Stay diligent

Be diligent about completing diaries and other at-home activities, at home. Don’t wait until you’re in the parking lot before a visit to fill in data that should have been completed in real time. Data obtained under those conditions can derail a drug development program, for better or for worse.

Don’t throw anything away

Keep all packaging from any treatment administered outside of the study center and bring it with you to every visit. Studies must account for every dose that was taken.

Honor your commitment

Even if you think the treatment is not working, stick it out! Patients that discontinue the study leave holes in the dataset. If too many people leave the study because they are disappointed with their results, there won’t be enough data to draw conclusions about whether the treatment is effective. Data that show placebo doesn’t work or a dose level is not effective is just as valuable and important as data that show effective dose levels.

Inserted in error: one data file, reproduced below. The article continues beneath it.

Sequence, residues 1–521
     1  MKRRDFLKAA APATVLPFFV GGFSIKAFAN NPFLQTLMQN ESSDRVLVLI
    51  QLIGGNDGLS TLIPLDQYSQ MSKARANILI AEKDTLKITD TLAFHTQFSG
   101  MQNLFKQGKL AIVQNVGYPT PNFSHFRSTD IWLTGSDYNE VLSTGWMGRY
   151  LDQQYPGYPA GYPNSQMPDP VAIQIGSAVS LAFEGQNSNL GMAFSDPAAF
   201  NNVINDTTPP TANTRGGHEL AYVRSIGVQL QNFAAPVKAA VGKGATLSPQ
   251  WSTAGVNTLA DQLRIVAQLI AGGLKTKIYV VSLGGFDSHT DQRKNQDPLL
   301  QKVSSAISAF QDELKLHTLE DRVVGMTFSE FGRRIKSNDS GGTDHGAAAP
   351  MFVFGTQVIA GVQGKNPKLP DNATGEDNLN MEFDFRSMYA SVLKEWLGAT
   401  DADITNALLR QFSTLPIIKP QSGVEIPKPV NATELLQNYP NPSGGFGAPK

Treatment may be limited

You may not be able to take the treatment outside of the trial, including if you leave early or after your participation is complete. If the treatment is investigational it can only be taken under the conditions in the protocol at those centers approved to participate in the study. You can’t leave the study and then change your mind.

You can be in a study and still see your regular physician

Your regular physician is still your physician and will be your physician when the study is over. Study physicians are qualified and selected by pharmaceutical or biotech companies to treat patients for that specific study. Study physicians may also have their own practice, just like your regular physician. You don’t have to give up your regular physician while participating in a study. However, they should be made aware that you are participating in a study so that medication changes or other medical care can be discussed with the study physician to ensure any changes won’t disqualify you from participating.

Deciding to participate in a clinical trial is a personal decision, but not one that should be made in isolation. Be sure you agree with the study concept and don’t stop asking questions until you are satisfied. And then make sure to be realistic about what it will really take for you to participate, if you choose to participate. There is no better setting for “knowledge is power” than when considering a clinical trial. Make sure you know everything you can to make the best decision.